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Retirement Discussions / Retire Early CampFIRE
|Subject: Unwritten Rules of Wage Slavery||Date: 1/31/2000 10:23 AM|
|Author: hocus||Number: 2745 of 841391|
The purpose of the Retire Early approach to personal finance is not to stop working. After all, even golf requires exertion from time to time, so it meets one test of what constitutes "work." Moreover, some people golf for money, so it surely is considered work in some circumstances. And without mentioning any specific job descriptions, it seems clear to me that golf is more "productive" a use of time than many modern-day "jobs."
Doing charity work, writing the great American novel, spending time playing with your kids—all of these activities are at times performed for pay (when done by individuals who don't want to be doing them?) and thus can fairly be called "work" (when done by those of us who choose doing them for free over doing other things for pay).
So the purpose is not to avoid work. The purpose instead is to stop the need for paid employment. Why is paid employment such a bad thing? Well, in many cases it's not. A great many people consider their jobs to be the best thing going in their lives. The problem that the Retire Early philosophy aims to solve is that there is a risk in depending on paid employment for the money you need to live. Until you reach the day when you are independent of the need to work for pay, someone owns you.
This hard truth is taboo and so we have constructed customs and fables to hide knowledge of it. The principal fable is the idea that we engage in work as the result of a bargain reached with our employers—we offer our time and they offer pay in return. In reality, the bargain is rarely on equal terms. You wouldn't know that by listening to the official sources and their talk of how employees are "part of the family" and how talented employees "can write their own ticket" in today's market. It's only the Unwritten Rules that reveal how lop-sided the bargain usually is.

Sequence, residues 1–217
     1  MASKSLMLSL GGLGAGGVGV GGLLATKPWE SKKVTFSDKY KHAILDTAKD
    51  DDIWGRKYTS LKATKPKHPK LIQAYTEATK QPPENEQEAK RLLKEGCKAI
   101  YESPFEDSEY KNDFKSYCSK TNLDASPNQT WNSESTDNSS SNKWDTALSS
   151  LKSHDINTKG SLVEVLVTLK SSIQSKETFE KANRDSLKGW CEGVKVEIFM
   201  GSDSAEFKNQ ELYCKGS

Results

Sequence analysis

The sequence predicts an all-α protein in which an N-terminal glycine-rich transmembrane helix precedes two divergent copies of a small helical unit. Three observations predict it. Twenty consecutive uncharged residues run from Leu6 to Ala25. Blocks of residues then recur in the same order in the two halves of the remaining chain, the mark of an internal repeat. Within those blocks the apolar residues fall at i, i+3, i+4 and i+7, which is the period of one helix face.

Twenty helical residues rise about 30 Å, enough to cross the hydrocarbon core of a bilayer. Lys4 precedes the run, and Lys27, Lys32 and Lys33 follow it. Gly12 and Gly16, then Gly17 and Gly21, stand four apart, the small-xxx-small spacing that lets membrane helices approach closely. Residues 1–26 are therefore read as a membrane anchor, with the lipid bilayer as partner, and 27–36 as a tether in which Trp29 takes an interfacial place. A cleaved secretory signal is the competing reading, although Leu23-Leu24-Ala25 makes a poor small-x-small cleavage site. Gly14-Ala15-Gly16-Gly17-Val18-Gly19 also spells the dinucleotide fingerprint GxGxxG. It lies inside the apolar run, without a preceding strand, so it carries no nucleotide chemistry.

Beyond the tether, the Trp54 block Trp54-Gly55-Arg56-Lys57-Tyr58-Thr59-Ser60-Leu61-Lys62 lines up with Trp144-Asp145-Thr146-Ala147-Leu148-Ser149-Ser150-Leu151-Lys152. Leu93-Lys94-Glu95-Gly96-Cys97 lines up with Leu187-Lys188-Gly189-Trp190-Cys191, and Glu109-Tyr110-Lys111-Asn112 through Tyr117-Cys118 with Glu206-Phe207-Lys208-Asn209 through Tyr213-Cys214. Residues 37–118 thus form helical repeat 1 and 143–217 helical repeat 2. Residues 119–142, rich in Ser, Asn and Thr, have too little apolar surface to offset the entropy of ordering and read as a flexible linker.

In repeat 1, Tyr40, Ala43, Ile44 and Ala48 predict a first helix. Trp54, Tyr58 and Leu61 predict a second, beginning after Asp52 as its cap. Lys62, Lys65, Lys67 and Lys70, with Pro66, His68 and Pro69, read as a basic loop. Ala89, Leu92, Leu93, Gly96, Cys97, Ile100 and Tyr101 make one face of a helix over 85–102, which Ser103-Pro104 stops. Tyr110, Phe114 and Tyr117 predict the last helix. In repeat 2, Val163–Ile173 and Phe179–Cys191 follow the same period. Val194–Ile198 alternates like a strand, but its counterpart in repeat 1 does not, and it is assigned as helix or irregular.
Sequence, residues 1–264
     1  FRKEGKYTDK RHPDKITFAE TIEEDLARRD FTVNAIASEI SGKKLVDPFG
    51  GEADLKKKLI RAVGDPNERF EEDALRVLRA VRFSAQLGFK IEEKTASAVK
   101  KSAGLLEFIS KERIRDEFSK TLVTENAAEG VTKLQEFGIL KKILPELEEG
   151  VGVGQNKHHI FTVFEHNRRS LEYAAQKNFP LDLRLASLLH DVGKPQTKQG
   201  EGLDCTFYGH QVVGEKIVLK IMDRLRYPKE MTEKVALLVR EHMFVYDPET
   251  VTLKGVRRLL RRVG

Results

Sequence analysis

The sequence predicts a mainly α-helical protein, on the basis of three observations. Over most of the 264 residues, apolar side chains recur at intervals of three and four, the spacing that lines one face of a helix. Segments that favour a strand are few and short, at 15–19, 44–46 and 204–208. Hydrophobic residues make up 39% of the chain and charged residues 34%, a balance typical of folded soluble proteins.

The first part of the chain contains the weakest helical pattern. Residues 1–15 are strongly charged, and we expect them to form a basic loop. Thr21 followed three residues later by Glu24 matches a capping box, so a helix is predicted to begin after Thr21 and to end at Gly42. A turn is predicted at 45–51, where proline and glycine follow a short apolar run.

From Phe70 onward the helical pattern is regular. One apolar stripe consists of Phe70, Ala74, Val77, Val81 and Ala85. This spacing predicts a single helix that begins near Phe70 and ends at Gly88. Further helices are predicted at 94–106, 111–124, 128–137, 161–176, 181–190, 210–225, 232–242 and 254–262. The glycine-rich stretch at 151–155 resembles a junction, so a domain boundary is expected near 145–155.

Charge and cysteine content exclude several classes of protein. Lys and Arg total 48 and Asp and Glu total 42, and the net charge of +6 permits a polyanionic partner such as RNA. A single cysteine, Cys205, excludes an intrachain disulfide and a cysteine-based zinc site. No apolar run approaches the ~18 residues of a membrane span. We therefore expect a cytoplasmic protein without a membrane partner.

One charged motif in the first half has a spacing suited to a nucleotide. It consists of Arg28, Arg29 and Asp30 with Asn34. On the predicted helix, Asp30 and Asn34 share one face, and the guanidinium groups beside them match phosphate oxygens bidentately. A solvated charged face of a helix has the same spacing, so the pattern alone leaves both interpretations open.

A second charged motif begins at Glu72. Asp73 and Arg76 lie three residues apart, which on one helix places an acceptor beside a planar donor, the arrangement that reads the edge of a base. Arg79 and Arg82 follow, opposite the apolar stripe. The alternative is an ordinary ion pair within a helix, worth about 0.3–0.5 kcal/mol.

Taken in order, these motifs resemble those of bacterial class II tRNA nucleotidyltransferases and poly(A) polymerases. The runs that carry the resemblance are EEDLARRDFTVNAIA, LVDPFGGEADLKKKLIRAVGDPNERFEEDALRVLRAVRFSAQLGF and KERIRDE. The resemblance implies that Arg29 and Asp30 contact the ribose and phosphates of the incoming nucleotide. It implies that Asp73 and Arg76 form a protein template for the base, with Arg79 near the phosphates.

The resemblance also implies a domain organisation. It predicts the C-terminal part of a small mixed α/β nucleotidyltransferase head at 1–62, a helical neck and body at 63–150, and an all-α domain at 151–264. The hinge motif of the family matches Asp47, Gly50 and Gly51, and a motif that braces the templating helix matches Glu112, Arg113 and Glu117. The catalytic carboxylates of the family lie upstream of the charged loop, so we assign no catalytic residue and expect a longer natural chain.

Rule One: You Have To Say "Pretty Please" To Take Vacation Time. Vacation time is just another form of pay, at least in theory. So why are so many of us unable to take the time we have earned? Because employers don't think of us as free agents who have struck a deal with them. They think of us as fortunate souls they have taken pity on. Or at least that's how they want to think of us.
Making us play the game of asking for time off, and of giving up some of that earned time as a sacrifice to the employment gods in thanks for their ongoing benevolence, is a way of letting us know where we stand. In short, we are the one who do the asking and they are the ones who do the giving, even when dealing with an item of compensation that both parties acknowledge has been earned.
Rule Two: Work Is The Norm, Personal Life Is The Exception. Since my first job, I have made it a practice to take one week of annual leave in the Spring to get back into my running routine and to catch up on reading projects. I've found that many employers (and even some fellow employees) look askance at the idea of an employee taking time off that is not directed to a "real vacation" (apparently, one involving travel and added expense).
I've come to believe that expensive vacations constitute no threat to the work routine—the employee is letting off some stress, but it is clear that he would not be able to continue to live at the spending level required during vacations, and thus it is clear he will be coming back. It's like a strange marriage where the husband is allowed to cheat so long as he does not form any meaningful relationships with other women. But I very much have—and always mean to have—a meaningful relationship with many non-work activities. That's sometimes cause for suspicion in a system which smiles on those "married" to their jobs.